The unquestioned traditions

By Rozina Ahmed

Marriage is a social contract between an adult man and woman with their free will to live a life together. The success of this relationship depends on shared ideals, mutual respect, dignity and equal distribution of economic and social responsibilities.

However, historically, women have always been disadvantaged and exploited in the name of customs and traditions associated with marriage that are practised for centuries in different communities and societies. In patriarchal societies, women have been oppressed, abused and exploited in the name of culture, norms and ‘honour’ of a family.

In such societies, a woman’s feelings, personal choices including dressing, and participation in cultural, sports and social activities are defined by male members of the society. A woman has to follow certain ‘codes’ or remain within certain bounds willingly or unwillingly without questioning them for her survival in a suffocated society. People have been practising these customs/traditions from generation to generation unquestioned without any major changes unaware of their impact on women’s life.

Some people might consider these traditions normal but if we critically dissect and analyze them from a social and psychological perspective, we come to the conclusion that these are some of the root causes of the rising incidents of domestic violence, depression among women leading to suicide.

For instance in Wakhi tradition, ‘kanao khak’ (a farewell sermon or advice) to the bride is given when she is about to leave her parents’ house. This is a very emotional moment for the bride as well as for the parents. I have been witnessing this ritual since my childhood. She is reminded how to be an ‘obedient’ and ‘pious’ wife and how to leave her desires, feelings and habits behind and honour the wishes and orders of her husband and in-laws.

The advice is delivered by the bride’s father or any other male elder from or on behalf of the family and clan. The bride is sanctified that from now onwards her husband’s home is her last and only place. She should be contented with whatever problems she might be facing in her in-laws’ family and try to resolve them on her own and never share with her parents or any other. “Your life and death is attached to your new house. So do whatever your in-laws say.”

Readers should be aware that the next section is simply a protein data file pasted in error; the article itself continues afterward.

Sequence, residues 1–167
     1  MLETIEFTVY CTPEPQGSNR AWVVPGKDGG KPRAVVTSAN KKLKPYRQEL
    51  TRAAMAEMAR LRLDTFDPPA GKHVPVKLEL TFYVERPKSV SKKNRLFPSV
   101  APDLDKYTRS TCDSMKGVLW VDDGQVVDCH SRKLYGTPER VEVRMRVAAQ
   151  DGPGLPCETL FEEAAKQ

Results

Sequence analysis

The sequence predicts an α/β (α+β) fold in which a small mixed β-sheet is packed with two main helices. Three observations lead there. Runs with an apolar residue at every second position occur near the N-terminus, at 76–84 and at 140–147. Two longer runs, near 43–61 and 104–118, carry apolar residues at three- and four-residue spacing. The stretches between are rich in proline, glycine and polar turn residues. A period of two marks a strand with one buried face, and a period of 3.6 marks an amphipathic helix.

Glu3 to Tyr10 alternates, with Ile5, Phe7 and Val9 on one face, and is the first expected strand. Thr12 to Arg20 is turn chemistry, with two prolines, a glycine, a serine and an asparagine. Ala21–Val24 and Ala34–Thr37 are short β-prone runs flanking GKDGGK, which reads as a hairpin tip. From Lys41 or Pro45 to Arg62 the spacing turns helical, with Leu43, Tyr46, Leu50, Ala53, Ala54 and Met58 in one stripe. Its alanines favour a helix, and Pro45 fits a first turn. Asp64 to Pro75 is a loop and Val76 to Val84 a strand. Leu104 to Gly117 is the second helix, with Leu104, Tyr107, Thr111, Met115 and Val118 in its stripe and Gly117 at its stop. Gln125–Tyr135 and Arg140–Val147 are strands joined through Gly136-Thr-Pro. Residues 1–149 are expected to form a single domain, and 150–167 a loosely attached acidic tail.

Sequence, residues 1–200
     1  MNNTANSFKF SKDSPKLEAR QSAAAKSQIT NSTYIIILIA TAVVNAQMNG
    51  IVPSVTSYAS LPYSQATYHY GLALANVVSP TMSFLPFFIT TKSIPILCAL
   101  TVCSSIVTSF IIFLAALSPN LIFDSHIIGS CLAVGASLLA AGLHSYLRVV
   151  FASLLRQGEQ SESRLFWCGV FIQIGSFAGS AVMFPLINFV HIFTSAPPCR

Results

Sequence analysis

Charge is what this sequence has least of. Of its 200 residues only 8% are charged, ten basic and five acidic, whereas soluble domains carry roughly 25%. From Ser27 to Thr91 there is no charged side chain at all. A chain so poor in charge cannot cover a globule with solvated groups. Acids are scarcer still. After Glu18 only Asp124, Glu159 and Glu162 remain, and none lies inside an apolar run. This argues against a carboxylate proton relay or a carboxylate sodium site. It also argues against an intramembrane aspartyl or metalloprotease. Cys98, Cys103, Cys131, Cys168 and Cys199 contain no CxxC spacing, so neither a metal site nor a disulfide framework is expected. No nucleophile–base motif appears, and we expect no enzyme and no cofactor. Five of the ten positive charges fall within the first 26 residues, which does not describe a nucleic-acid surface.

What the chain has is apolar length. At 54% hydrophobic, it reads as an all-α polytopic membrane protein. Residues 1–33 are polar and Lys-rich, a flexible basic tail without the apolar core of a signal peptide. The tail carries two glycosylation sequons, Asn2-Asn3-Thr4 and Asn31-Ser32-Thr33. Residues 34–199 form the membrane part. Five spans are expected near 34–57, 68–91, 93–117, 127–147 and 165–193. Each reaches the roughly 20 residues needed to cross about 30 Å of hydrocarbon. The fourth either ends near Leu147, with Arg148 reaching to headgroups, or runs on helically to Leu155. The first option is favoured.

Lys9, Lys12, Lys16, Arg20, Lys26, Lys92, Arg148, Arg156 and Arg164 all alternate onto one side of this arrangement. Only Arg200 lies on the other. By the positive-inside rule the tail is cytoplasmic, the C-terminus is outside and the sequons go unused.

My question is why such advice is not given to the bridegroom and remind him of his responsibilities?

The woman is always considered the honour of her father, brother, husband or clan. She has no identity of her own and is not considered an independent human being with her own dreams, feelings and choices and nor associated with the family’s honour.

This might seem an odd argument as to why would I am questioning it with this ritual after all it’s about doing good for the girl, how to live happily. She has to live her remaining life with her husband as he is her legal custodian now, whatever he decides for her no one can question him.

Staying happy with her husband and in-laws is the ultimate goal of every parent for their daughter. These advices become problematic and critical when a rift starts between the two for whatever reasons. It puts a woman in a quandary what to do? Where to go and whom to approach for sharing her grievances and for resolving the issue?

Mothers mostly don’t encourage their daughters to discuss their issues openly, in most cases, they are told not to discuss the issues with their father and brothers. The progressive societies have very different criteria of being a “good girl” like who don’t complain about and discusses her problems openly with anyone despite suffering depression. In such a situation of hopelessness and despair, the only option left for her is to take the extreme step of taking her life.

Keep in mind that not all parents shut their doors for their daughters but there are cases that cannot be ignored; we cannot put such sensitive issues under the carpet traditionally what we are doing till now.

Now, what happens when a woman is not allowed to express her grievances at both her parents as well as her husband’s house, she feels suffocated and suffers from depression ultimately leading to suicide. According to research reports majority of women suffer various psychological problems and depression is the top among them. But again depression is considered taboo and not discussed openly. A woman suffering from depression has to fight alone despite showing the symptoms and ultimately it leads to suicide. Because of the fear of divorce and going back to her parents or brothers, the easiest way to escape from her agonies is to take her own life.  

For people like me, this might not be an issue. But that doesn’t mean it’s irrelevant for every woman. The impact of this piece of advice, I have seen in many cases has led to depression and ultimately suicide. There are women who chose to die rather than go back to their parents because they are told not to discuss their domestic issues at their parent’s place. This might be an issue of very few but still, it needs to be addressed and questioned.

Rozina Ahmed is a social activist and doing MPhil from GC Lahore

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